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Will voters notice Trudeau’s use of ‘ominous bills’?

When Stephen Harper, finally in possession of a majority government, began ramming omnibus bills through Parliament, he had been prime minister for more than five years. But Justin Trudeau is resorting to the tactic after less than two years in office. Which is why we can predict what is likely to come: Obstruction and delay by angry opposition MPs will prompt the government to impose closure. This is how we govern ourselves.

The true father of the omnibus bill was Pierre Trudeau. As justice minister, he introduced legislation in 1967 that, among other things, partially legalized abortion, legalized homosexual acts between two consenting adults (“there’s no place for the state in the bedrooms of the nation”), imposed new limits on gun ownership, authorized the police use of breathalyzers and permitted government-supervised lotteries. (Now that’s an omnibus bill!) Opposition was so intense that these measures didn’t become law until 1969, by which time Mr. Trudeau was prime minister.

Another Trudeau omnibus bill, this one on energy, incensed Joe Clark’s opposition Conservatives to the point that they forced the shutdown of Parliament for three weeks in 1982 by refusing to answer the summons to vote (“the bell-ringing affair”). The Liberals ultimately agreed to break the bill into several parts.

But the most celebrated omnibus-bill controversy may have been Bill 26, which the new Ontario Conservative government of Mike Harris slipped onto the order paper in November, 1995, while opposition politicians were distracted by an economic statement released that day.

Billed as housekeeping legislation that set rules for cleaning up expired mines and the like, Bill 26 (the speaker of the day kept referring to it, malapropistically, as the “ominous bill”) in fact established a commission to close hospitals, gave the government new powers to amalgamate municipalities and much else.

So outraged were the opposition parties once they figured this out that when one Liberal MPP, Alvin Curling, refused the speaker’s order to leave the legislature, other MPPs physically protected him from the sergeant-at-arms. The standoff lasted 18 hours, at which point the government conceded defeat and sent the bill to two committees that held extensive public hearings. But Bill 26 eventually passed, and the Tories began using omnibus bills backed by closure whenever timelines got tight.

Gerald Butts, Prime Minister Justin Trudeau’s principal secretary, and Katie Telford, his chief of staff, were young staffers at Queen’s Park in the Harris years. Mr. Butts eventually became Liberal Premier Dalton McGuinty’s principal secretary. Mr. McGuinty’s governments liked cramming all sorts of things into the annual budget-implementation bill. Mr. Butts watched Stephen Harper’s majority government routinely employ omnibus bills and closure. Now, it’s the Liberals’ turn.

In opposition, Justin Trudeau promised to eliminate the practice of employing “inappropriate omnibus bills to reduce scrutiny of legislative measures.” In government, he thinks differently. The Prime Minister told the House on Wednesday that “any budget bill includes a broad range of provisions” that will “touch on a broad range of issues.” To which NDP MP Nathan Cullen laughingly retorted: “I didn’t think I’d see him quoting Stephen Harper.”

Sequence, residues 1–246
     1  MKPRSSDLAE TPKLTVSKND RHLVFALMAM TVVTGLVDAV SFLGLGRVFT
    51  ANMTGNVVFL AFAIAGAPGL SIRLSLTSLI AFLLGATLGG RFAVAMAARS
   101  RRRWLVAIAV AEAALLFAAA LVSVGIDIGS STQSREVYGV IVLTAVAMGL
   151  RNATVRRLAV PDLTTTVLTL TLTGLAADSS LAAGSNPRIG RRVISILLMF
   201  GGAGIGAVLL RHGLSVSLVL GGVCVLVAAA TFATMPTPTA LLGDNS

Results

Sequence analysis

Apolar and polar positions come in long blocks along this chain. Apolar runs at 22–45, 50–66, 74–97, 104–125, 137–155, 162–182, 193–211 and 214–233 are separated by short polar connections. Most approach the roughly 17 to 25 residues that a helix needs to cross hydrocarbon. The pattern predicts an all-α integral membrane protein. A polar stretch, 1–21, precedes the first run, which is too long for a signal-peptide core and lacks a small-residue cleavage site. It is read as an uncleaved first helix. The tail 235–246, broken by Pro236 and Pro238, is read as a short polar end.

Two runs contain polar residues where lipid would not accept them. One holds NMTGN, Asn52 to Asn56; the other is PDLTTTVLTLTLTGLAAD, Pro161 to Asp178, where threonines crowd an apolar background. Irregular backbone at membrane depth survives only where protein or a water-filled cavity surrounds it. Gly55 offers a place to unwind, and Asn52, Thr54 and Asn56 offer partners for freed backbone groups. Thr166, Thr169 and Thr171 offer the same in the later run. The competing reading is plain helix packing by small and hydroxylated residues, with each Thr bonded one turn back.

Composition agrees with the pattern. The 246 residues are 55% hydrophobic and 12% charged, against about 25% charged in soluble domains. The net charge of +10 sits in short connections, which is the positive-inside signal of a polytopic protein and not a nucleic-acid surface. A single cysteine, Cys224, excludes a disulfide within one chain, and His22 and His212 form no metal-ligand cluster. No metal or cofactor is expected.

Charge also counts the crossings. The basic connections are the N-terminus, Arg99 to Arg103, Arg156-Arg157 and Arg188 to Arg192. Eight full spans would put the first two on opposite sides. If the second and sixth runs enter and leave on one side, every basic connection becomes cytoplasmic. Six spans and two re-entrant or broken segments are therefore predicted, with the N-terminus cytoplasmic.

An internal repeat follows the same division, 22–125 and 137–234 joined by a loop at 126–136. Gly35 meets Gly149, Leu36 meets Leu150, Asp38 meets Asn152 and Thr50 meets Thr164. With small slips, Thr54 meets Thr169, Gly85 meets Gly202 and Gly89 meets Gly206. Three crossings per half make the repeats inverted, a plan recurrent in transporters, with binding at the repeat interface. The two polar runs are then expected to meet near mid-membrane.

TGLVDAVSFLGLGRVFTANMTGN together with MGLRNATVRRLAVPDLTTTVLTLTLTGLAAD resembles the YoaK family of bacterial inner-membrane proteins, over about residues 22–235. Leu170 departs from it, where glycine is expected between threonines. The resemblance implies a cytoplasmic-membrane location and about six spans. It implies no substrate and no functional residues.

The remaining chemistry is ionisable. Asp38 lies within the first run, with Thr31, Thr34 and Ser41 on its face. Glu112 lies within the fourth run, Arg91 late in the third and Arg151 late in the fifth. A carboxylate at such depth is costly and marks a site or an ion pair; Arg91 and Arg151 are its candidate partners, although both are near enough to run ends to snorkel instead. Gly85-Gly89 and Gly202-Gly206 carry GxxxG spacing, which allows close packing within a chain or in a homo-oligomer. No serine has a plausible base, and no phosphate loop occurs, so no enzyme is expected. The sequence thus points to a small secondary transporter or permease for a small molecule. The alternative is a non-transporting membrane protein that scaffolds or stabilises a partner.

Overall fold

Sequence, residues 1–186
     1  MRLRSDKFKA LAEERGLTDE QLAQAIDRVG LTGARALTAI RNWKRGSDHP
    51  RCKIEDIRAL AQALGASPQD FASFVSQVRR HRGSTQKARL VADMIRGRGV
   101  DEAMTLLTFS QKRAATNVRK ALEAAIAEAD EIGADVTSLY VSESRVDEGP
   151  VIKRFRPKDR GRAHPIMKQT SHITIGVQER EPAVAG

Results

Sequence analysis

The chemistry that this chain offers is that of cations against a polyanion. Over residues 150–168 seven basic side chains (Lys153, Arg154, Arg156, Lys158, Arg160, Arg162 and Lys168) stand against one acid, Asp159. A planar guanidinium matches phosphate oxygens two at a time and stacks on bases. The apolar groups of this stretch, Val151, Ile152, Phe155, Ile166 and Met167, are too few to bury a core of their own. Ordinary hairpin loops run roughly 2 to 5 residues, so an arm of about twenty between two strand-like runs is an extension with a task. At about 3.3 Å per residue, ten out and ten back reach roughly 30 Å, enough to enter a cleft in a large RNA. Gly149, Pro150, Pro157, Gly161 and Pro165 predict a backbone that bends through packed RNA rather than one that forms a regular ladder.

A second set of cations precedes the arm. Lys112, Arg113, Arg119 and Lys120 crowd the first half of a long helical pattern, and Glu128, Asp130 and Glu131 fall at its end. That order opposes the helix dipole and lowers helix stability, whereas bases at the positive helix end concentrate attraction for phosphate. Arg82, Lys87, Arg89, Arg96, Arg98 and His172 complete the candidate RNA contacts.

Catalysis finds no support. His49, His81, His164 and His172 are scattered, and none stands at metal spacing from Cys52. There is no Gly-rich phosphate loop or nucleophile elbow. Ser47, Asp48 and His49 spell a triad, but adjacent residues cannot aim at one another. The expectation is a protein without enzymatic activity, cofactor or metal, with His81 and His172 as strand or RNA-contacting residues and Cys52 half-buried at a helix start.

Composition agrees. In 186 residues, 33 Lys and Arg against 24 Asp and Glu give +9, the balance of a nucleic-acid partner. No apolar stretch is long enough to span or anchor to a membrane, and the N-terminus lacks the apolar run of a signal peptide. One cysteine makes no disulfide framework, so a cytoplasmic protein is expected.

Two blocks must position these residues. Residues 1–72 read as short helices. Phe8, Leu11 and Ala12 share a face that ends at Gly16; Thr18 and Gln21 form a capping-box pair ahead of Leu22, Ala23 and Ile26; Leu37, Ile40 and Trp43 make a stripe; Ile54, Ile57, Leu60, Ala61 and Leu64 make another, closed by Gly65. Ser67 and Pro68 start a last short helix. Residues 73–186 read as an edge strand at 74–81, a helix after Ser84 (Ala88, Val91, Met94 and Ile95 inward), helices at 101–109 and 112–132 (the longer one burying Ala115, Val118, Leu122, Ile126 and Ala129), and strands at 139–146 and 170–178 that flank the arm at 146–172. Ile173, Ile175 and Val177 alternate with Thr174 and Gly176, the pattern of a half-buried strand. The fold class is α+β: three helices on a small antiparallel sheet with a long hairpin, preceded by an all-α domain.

The bill contains, among other things, clauses that could limit the independence of the Parliamentary Budget Officer – exactly the sort of dark-of-night measure that governments love to stuff into omnibus bills in hopes of limiting debate. There is also a new law that creates the Canada Infrastructure Bank, which deserves separate scrutiny. The bill increases the number of judges on the Court of Queen’s Bench in Alberta. It changes the rules for immigration applicants, toughens the Canada Labour Code rules concerning “employer reprisals.” And on and on.

There are only, at most, seven sitting weeks before the House rises for its summer break, by which time the government wants the bill to become law. The Senate must also approve the legislation. Will the opposition use delaying tactics in an effort to force the government to break up the bill into several parts? If they do, will Liberal House Leader Bardish Chagger impose time allocation, commonly known as closure? History suggests this is what lies ahead.

This Liberal government has already reneged on its promise to abolish the first-past-the-post practice of electing MPs. Now it is resorting to “ominous bills.” One wonders whether voters will notice.

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Governor General leads list of honorary degree recipients during Canada’s 150th anniversary

The honorary degree recipients for UAlberta’s 2017 spring convocation: (top row) Governor General David Johnston, William Eddins, Dave Mowat, Marie Wilson, Firoz Rasul, Saida Rasul, (bottom row) Jeanne Besner, Anne Smith, Shing-Tung Yau, Doug Goss, Sharon Firth and Dennis Anderson

The University of Alberta’s spring convocation this June will include a nod to Canada’s 150th anniversary as Governor General David Johnston receives an honorary degree. Johnston is among a dozen influential leaders being recognized with the university’s highest honour.

‘Honorary degrees are intended to recognize individuals whose character and whose extraordinary intellectual, artistic or athletic achievements or service to society set a standard of excellence that merits the university’s highest honour,’ said U of A chancellor Doug Stollery. ‘In accepting an honorary degree, each of our recipients for spring convocation 2017 also honours the spirit of the university.’